DANNY CEVALLOS. CRIMINAL DEFENSE LAWYER: Yes. Corroboration is the magic word here. You see Zimmerman's story that he told the police which, by the way, some could argue serves a dream warning for potential defendant to not give a statement. Look what happened when Zimmerman completely cooperated with the police. He gave them this video that they are now would like to use against him if he gives any prior inconsistent statement.

But, when it comes to corroboration, you hear Zimmerman's story and it today when you hear corroboration today, and we heard the prosecutor members. These are two of the prosecution's own witnesses corroborating important points -- wet jacket, grass on the pack and part of that, yes, Zimmerman's story where somebody came out and observed the fight is corroborated by this witness Good who by the way is a terrific witness, not for the prosecution, not for the defense but overall he's a terrific witness. He's credible. He's well- dressed. He's arctic lit. He's a terrific witness. He doesn't fight with the defense attorney. He doesn't get in arguments, and that makes him credible. I think that makes him relatable, and I think the jury will conclude this is somebody that can believe, perceived what he perceived.

COOPER: Marsha, towards the end of Good's testimony today, both, the defense and prosecution, they want to clarify an important part. I want to play that.

(BEGIN VIDEO CLIP)

DON LEMON, WEST, DEFENSE ATTORNEY: The bottom line, you needed to clarify it after that to make sure that everybody understood that you did not hear or see fists, the guy on top hitting the guy on the bottom, correct?

GOOD: Both sides made me clarify.

WEST: Is that correct?

GOOD: Correct. WEST: You did not see blows on the guy on the bottom, correct?

GOOD: Correct.

(END VIDEO CLIP)

COOPER: So how does that factor into the jury's decision?

MARSHA CLARK, FORMER L.A. DEPUTY DISTRICT ATTORNEY: I don't think the jury is actually going to find it to be ambiguous, Anderson. They are going to make a comment and determination. What he is sitting, his hand is going like this down, I mean, he can only mean one thing, that the blows were being inflicted and I think they be he leave that and seems fair for them to speak to think so.

But I want to point something else out. The fact that Zimmerman said he had his hand over my noise, his hand over my mouth, well, if that's the case then how is he able to scream and actually to speak to the neighbors and say help me, help me, no, I need help. It is a little -- that struck me as an inconsistency in what he is saying. I'm not sure this tape will go before the jury, so it may not matter.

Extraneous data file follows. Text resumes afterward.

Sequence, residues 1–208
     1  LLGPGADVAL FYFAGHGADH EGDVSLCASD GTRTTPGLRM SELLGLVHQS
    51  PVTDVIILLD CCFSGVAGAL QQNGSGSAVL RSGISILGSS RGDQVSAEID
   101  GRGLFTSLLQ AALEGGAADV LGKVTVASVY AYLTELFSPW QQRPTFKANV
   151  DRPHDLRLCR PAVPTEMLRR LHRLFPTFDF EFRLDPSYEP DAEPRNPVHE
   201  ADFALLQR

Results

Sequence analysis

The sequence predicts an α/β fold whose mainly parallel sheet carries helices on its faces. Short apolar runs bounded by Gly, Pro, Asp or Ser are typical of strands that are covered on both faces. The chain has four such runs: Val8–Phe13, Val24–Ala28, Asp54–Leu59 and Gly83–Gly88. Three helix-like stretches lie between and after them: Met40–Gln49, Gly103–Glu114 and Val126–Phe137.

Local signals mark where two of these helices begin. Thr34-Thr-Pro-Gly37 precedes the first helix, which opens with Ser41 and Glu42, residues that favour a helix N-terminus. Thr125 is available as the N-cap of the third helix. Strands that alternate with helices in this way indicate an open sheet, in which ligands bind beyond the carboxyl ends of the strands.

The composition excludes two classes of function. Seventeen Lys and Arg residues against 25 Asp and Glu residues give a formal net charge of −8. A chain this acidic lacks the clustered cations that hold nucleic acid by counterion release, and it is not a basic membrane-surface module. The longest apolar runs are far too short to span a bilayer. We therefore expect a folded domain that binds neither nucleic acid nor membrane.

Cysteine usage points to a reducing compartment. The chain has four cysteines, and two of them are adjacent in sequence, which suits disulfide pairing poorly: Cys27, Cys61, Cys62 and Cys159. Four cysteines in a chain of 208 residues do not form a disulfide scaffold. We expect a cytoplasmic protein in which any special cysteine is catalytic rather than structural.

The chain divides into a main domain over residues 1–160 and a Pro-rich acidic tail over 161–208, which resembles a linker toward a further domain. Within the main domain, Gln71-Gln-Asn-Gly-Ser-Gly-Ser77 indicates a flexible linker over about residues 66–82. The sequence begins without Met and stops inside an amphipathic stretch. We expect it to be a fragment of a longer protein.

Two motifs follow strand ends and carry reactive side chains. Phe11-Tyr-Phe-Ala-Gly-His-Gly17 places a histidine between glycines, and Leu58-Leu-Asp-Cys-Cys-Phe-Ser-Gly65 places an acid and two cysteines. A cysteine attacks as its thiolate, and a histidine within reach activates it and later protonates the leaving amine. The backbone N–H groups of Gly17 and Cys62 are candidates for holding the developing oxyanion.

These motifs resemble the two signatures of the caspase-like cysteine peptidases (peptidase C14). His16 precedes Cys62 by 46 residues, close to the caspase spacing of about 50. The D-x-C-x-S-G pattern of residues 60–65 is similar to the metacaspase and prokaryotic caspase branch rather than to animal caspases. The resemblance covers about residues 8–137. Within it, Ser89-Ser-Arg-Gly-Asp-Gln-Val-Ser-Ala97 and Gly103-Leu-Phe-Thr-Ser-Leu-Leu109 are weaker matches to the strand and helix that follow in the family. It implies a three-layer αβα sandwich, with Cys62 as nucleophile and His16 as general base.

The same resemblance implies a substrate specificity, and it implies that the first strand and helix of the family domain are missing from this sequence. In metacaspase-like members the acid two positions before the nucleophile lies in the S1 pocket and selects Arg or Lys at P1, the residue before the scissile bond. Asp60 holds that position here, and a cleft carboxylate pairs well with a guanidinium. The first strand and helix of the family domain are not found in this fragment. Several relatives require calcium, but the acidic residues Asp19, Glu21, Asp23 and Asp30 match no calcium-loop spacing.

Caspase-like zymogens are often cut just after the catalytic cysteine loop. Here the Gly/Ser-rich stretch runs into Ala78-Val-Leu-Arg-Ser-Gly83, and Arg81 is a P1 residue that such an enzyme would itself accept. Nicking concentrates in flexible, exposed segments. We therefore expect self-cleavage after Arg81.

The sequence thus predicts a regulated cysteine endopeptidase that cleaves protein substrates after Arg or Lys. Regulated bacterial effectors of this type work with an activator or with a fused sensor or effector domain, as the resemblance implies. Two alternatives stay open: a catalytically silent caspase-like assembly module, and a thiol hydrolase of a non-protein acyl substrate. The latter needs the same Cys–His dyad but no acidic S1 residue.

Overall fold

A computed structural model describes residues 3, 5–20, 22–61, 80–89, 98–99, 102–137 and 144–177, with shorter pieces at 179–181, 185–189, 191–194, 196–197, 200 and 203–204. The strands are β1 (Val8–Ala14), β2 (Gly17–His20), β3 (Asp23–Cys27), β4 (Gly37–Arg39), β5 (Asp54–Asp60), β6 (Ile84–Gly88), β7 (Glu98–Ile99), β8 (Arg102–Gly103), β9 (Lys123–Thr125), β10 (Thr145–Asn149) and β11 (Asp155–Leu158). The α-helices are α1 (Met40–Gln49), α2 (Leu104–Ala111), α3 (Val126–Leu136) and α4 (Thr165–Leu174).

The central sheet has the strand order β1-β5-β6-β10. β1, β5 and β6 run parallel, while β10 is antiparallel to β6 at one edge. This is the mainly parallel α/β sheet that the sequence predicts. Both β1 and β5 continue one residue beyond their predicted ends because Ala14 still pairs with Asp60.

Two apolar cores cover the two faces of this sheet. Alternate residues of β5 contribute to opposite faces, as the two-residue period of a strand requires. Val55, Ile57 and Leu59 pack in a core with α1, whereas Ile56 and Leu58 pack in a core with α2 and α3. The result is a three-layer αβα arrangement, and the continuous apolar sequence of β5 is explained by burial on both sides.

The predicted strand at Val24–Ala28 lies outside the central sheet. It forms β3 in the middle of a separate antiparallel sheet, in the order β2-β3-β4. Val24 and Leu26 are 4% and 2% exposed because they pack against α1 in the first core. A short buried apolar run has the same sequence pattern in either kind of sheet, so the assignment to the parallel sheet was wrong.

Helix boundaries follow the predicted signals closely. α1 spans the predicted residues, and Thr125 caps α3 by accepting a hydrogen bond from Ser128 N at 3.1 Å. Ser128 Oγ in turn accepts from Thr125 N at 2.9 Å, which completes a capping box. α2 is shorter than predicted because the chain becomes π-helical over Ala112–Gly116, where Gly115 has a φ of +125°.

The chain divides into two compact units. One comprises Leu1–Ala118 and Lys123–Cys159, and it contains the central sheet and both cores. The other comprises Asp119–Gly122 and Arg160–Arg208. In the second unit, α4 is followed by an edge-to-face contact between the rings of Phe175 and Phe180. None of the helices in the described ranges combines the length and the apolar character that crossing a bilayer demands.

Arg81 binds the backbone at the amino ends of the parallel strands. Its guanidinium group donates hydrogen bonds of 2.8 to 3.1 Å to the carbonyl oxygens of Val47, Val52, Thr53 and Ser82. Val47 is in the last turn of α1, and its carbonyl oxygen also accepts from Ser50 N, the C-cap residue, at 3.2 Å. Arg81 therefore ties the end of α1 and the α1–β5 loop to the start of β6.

But, you know, at the end of the day, you have somebody who has been beat up by Trayvon, but we knew there was a struggle. I mean, that was clear because Zimmerman had the injuries he had.

What will be the telling point is, were those injuries sufficient? Are they indicative of a struggle so severe, so serious he was reasonably in fear of imminent death? And that is what the jury is going to have to parse through all of this stuff and figure out, because if he was not in reasonably in fear of imminent death or great bodily injury, then, he did not have the right to use lethal force against Trayvon Martin.

COOPER: I want to put an Instagram photo on the screen and this one apparently posted by the daughter of Zimmerman's the defense attorney, Don West, ad says quote, "we beat stupidity celebration one #zimmerman#defense#dadkilledit.

Now, in a statement given to CNN Don West said quote "sometimes we're deeply disappointed by the things our children do, but we love them anyway. We move on." The photo is getting a lot of reaction online. What do you know about it Sunny?

HOSTIN: Yes, I mean, it's -- I was getting that sent to me all day. It's been sent to me for the past couple of hours, and we now know that statement came out, so it was something that was tweeted by one of Don West's daughters. He has four daughters. The daughter that tweeted this is apparently is in her 20s. And he has admitted that this was grossly insensitive. And clearly, it was.

I think though, unfortunately, given the fact that he gave -- made that knock knock joke in opening statements that people will think my goodness, this is a family that just doesn't have their finger on the pulse of what is appropriate, when she right hash tag, you know, dad killed it. We are talking about a second degree murder trial. And so --

COOPER: Mark, I hear you groaning.

GERAGOS: Yes.

COOPER: Quickly Mark.

GERAGOS: I join in the groaning motion. Wait, give me a break. Look --

HOSTIN: How can you deny that was grossly insensitive?

GERAGOS: The father -- the 20 something, I don't deny that it's grossly insensitive but can we leave the kids out of this? Even the Mafia --

HOSTIN: The kid sent it.

GERAGOS: Give me a break.

HOSTIN: The kid sent it.

GERAGOS: So what? So what? The kid sent it. And you know, as a father of a 20 something-year-old daughter, I don't, you know, I don't own everything she does. You try to raise a kid to do their best. She did something that I'm sure she regrets but give it a rest. It's ridiculous. Has nothing to do with anything.

COOPER: We'll move on.

Mark Geragos, Marsh Clark, Sunny Hostin, and Danny Cevallos, thanks. We are going to see all of you again at 10:00 p.m. eastern for an hour-long in depth Special Report self-defense murder, the George Zimmerman trial.